Tag Archives: agriculture

ARE YOUR PLANTS FAT?

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ARE YOUR PLANTS FAT?

Master Cho likes to compare plants and plant growth to humans. For one thing it makes it easy to understand. He is known for saying “Don’t make your plants fat.” What does he mean?

Nitrogen is given to plants to encourage growth. It gives them a dark green color and great growth. Then we wonder how to get rid of the bugs. We like to give plants nitrogen because we like to nice green color and the fast growth, but it turns out too much nitrogen makes plants, in Master Chos words, ‘fat’. And just like humans, plants that are fat are not healthy.

A ‘fat’ plant will bring in bugs, aphids, scale, white fly, beetles, sucking and chewing insects that come calling because they detect a sick plant. The chemical companies have convinced us that the darker the green the better. We can see results and think the chemicals are working. Then the pests come in and the chemical companies can then sell us all kinds of more chemicals to kill the pests. They tell us that nutrient deficiencies make plants unhealthy so we buy more fertilizers. But these plants are already over-fed! They make a lot of money and we think we don’t have a green thumb.IMG_20170314_192158

In this picture are two roselle plants. The one on the right is healthy and properly fed. The one on the left was given some nitrogen (organic fish fertilizer) and is sick, weak, and full of chewing and sucking insects. Notice there are no chew marks on the healthy plant. These two plants were spaced about an arms-length apart so it wasn’t because the pests did not find the healthy plant. Soon after this picture was taken the sick plant was dead. The one on the right received no fertilizer and continued to grow and produce.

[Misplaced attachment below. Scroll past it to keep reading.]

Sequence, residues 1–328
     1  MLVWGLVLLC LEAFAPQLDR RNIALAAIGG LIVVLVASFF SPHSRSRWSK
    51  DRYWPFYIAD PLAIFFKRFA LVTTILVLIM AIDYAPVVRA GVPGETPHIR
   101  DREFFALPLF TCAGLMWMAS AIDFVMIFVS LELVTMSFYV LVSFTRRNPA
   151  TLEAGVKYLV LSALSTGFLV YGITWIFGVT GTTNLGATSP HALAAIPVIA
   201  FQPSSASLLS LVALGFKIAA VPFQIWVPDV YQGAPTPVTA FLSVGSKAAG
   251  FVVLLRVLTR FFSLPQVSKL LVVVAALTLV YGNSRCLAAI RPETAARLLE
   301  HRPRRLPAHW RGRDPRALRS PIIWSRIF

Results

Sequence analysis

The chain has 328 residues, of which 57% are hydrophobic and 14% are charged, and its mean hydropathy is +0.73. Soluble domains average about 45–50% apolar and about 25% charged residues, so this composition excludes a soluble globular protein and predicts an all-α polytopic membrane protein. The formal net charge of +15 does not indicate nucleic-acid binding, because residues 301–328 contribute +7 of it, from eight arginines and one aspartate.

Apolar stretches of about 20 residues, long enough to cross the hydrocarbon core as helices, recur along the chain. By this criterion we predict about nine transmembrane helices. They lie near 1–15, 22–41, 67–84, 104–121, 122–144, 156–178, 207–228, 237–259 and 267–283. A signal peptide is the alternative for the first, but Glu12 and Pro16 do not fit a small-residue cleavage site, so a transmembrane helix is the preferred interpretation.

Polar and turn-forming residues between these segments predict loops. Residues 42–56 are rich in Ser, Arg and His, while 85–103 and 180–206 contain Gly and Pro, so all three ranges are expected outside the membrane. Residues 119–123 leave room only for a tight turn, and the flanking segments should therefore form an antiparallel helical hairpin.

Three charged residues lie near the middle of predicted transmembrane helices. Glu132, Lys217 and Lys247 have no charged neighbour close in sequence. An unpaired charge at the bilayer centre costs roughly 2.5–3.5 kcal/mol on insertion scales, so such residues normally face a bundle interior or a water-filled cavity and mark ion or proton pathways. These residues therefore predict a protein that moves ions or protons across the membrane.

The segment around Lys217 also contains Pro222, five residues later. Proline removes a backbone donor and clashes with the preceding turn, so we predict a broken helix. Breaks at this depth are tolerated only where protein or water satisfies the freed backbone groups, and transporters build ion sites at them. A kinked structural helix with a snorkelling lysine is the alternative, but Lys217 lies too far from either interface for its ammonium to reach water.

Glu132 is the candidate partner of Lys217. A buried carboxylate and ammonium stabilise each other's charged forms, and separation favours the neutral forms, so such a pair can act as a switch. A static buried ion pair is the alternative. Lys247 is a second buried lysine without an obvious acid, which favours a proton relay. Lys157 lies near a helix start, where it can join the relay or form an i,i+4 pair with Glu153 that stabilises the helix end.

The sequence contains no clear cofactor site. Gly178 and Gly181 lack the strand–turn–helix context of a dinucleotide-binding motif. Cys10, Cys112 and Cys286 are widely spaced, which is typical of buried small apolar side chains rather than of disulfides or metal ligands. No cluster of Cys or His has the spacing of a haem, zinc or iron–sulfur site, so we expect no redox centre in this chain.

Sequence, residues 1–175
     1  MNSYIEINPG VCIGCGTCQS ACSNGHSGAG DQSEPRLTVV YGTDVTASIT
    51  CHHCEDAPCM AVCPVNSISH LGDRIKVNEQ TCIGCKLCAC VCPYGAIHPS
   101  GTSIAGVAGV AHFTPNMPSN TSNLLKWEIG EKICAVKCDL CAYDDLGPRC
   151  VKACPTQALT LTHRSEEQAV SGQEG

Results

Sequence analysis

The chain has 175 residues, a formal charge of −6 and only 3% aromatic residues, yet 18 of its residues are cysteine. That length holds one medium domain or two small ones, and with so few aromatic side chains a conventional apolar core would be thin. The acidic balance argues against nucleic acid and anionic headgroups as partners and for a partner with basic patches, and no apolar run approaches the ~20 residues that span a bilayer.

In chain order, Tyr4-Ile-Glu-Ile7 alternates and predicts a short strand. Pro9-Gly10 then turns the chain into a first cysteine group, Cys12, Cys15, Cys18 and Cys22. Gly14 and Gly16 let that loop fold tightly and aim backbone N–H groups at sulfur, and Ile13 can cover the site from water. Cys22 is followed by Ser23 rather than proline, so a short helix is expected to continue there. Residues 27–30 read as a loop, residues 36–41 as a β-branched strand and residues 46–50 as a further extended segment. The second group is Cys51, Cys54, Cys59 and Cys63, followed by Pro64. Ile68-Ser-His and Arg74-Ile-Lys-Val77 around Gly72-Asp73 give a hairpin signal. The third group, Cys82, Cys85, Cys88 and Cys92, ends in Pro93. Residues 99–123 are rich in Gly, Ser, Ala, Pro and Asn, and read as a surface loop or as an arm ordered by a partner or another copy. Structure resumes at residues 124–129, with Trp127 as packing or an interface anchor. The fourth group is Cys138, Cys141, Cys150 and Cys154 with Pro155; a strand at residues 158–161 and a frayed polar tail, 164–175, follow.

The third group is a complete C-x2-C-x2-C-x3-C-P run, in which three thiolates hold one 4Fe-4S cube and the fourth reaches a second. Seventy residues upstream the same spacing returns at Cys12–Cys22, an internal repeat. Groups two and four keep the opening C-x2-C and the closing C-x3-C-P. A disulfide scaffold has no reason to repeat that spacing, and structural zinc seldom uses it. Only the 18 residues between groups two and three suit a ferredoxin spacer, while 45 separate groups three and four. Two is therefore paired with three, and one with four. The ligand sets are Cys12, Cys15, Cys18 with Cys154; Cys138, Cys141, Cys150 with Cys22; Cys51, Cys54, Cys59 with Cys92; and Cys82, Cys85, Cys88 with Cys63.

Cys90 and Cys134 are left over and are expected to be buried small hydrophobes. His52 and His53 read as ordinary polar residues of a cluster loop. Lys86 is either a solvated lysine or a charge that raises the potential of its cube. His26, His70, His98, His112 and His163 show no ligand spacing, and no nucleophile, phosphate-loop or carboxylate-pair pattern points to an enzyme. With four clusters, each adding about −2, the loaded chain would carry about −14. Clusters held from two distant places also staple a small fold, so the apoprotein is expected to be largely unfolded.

Keep  in mind that nature is perfectly capable of fixing nitrogen and getting it to plants. Look at a lush green forest or other natural landscape. It grows perfectly even though no one is going through the forest with fertilizer. How? The air all around us is 78% nitrogen. There is no shortage of nitrogen. You don’t really need to even be concerned with nitrogen fixing plants, usually legumes. If you have proper microbial ecology in your soil the nitrogen will get fixed and your plants will uptake what they need. Microbial ecology is the key.

This is a major difference between Master Cho Korean Natural Farming SYSTEM (KNF) and other methods of growing plants, even organically. KNF is a system approach that relies on two components.

  1. Soil Foundation: Make sure your soil has high levels of ecologically balanced microbes, a healthy and alive soil.
  2. Nutritive Cycle: Give plants inputs that encourage the plants life cycle stage. The focus is not on NPK, trace minerals etc. That comes from having vibrant healthy soil. KNF inputs are not used for nutrition. They provide chemical signals, hormones, enzymes, co-factors etc. that will tell the plant what to do, eg. grow or make fruit. The nutrition comes from the soil.

So stop overfeeding your plants, reduce your pests, and save money.

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